Kotlin Now an Official Language on Android

Kotlin has been discussed in the Android development community as a potential replacement for Java. It has several advantages that make it quicker and easier to write, with less boilerplate and potential errors. It can be compiled into Java, making it possible to use on Android, although with a few workarounds.

Today, Google announced that Kotlin is coming to Android as an officially supported language. This means that there will be many more libraries, both first and third-party, that will be created. It will also make Android development easier for new developers. The language was created by JetBrains, the company who created the base of Android Studio. Kotlin has already been supported and Android Studio can quickly allow Java to be converted into the language.

In Java:

public class User {
    private String name;
    private int age;

    public User(String name, int age) {
        this.name = name;
        this.age = age;
    }

    public void setName(String name) {
        this.name = name;
    }

    public String getName() {
        return this.name;
    }

    public void setAge(int age) {
        this.age = age;
    }

    public int getAge() {
        return this.age;
    }

    // and the methods equals, hashCode, copy, omitted for brevity
}

In Kotlin

data class User(var name: String, var age: Int)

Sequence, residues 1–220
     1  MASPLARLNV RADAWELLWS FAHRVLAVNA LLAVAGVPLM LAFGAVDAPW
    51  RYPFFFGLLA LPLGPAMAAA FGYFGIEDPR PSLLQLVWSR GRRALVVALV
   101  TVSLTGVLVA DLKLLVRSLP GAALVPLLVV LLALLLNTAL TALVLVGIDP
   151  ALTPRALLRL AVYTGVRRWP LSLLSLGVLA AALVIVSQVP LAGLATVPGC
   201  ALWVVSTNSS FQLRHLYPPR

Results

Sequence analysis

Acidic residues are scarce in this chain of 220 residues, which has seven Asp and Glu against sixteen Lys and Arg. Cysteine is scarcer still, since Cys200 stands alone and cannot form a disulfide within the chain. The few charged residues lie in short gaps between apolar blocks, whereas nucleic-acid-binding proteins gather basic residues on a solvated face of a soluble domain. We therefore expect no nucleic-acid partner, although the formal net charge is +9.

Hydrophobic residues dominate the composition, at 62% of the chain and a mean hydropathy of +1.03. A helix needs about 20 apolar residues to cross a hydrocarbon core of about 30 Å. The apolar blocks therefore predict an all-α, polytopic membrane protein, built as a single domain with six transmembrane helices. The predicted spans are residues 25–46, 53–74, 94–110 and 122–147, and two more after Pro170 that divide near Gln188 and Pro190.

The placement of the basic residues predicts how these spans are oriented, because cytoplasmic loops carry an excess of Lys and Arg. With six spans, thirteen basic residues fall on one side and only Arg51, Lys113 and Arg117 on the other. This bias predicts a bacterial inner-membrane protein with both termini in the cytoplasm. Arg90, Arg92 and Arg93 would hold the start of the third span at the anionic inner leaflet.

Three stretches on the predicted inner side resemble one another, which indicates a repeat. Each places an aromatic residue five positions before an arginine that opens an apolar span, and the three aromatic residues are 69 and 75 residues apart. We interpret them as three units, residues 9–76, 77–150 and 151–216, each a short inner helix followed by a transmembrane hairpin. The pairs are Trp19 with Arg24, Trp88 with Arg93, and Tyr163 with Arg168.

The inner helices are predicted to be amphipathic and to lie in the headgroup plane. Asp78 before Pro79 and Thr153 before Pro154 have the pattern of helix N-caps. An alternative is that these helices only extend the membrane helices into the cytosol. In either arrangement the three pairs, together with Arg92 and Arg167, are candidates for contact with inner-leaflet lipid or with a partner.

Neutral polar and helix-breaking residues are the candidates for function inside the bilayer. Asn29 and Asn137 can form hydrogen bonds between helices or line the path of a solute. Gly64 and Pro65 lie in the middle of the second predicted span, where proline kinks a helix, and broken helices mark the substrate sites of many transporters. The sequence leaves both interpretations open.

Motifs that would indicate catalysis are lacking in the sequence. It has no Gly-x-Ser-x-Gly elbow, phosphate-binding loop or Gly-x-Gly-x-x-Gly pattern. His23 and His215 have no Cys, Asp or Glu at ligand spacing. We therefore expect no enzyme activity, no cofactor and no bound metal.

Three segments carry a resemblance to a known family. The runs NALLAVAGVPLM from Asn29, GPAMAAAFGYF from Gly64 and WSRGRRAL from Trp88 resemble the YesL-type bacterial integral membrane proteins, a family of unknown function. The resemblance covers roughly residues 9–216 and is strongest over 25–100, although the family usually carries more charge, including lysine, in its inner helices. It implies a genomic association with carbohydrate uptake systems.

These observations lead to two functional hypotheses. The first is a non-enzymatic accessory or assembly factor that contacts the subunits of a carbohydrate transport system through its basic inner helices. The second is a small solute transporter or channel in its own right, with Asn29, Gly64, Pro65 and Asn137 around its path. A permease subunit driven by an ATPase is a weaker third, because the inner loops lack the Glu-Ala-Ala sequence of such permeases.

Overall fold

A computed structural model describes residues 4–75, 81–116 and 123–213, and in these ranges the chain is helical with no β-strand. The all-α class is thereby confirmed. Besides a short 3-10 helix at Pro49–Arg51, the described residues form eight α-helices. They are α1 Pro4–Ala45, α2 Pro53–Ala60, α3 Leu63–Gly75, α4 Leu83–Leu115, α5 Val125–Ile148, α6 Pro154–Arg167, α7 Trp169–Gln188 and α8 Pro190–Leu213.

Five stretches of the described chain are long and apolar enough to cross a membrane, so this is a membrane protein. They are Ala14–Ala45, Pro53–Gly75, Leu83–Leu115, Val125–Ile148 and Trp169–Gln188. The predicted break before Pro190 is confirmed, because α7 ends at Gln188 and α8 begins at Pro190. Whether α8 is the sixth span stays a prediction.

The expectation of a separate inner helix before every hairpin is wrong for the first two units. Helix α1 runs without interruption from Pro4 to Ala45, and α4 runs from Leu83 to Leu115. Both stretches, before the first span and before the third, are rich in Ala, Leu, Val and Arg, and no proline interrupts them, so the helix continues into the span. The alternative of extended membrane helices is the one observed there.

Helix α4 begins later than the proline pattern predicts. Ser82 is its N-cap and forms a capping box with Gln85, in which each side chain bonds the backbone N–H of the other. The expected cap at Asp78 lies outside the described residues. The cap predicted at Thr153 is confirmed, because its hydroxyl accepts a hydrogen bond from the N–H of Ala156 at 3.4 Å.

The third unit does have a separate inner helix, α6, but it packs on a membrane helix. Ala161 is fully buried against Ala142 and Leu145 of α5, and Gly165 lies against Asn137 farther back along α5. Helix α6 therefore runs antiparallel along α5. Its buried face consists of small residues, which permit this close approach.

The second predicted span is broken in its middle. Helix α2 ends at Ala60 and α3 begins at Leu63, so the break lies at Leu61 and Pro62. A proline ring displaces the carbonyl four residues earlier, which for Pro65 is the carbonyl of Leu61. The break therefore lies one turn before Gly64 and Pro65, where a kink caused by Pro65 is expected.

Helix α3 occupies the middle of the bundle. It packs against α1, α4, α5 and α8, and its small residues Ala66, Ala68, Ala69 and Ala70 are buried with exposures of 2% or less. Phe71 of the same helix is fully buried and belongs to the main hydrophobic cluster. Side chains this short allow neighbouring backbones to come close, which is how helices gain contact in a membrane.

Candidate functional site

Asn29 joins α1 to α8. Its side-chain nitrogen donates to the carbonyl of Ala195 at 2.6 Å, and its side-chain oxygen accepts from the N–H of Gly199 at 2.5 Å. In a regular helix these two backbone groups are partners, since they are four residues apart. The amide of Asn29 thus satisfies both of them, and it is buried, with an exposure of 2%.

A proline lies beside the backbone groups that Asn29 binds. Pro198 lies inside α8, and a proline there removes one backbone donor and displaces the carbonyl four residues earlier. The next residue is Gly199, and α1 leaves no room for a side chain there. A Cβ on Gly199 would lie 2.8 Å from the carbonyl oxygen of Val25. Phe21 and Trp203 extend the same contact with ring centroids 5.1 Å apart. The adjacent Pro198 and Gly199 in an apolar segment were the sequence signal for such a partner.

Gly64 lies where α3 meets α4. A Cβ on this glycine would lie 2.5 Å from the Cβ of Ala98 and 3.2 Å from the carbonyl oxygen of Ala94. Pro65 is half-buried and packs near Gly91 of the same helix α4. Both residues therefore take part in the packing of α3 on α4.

Example from Arctouch

Google and JetBrains plan to start a non-profit organization around the language to continue encouraging development and maintain it. This will not be replacing Java. Java support will continue, and new Java 8 features were introduced in Android O.

What’s great is apps can have both Kotlin and Java and work together. In the coming months, we should expect to see many apps slowly adopt this language as needed, even if they don’t want to rewrite what they have currently.

Nick Felker

Nick Felker

Nick Felker is a student Electrical & Computer Engineering student at Rowan University (C/O 2017) and the student IEEE webmaster. When he's not studying, he is a software developer for the web and Android (Felker Tech). He has several open source projects on GitHub (http://github.com/fleker) Devices: Moto G-2013 Moto G-2015, Moto 360, Google ADT-1, Nexus 7-2013 (x2), Lenovo Laptop, Custom Desktop. Although he was an intern at Google, the content of this blog is entirely independent and his own thoughts.

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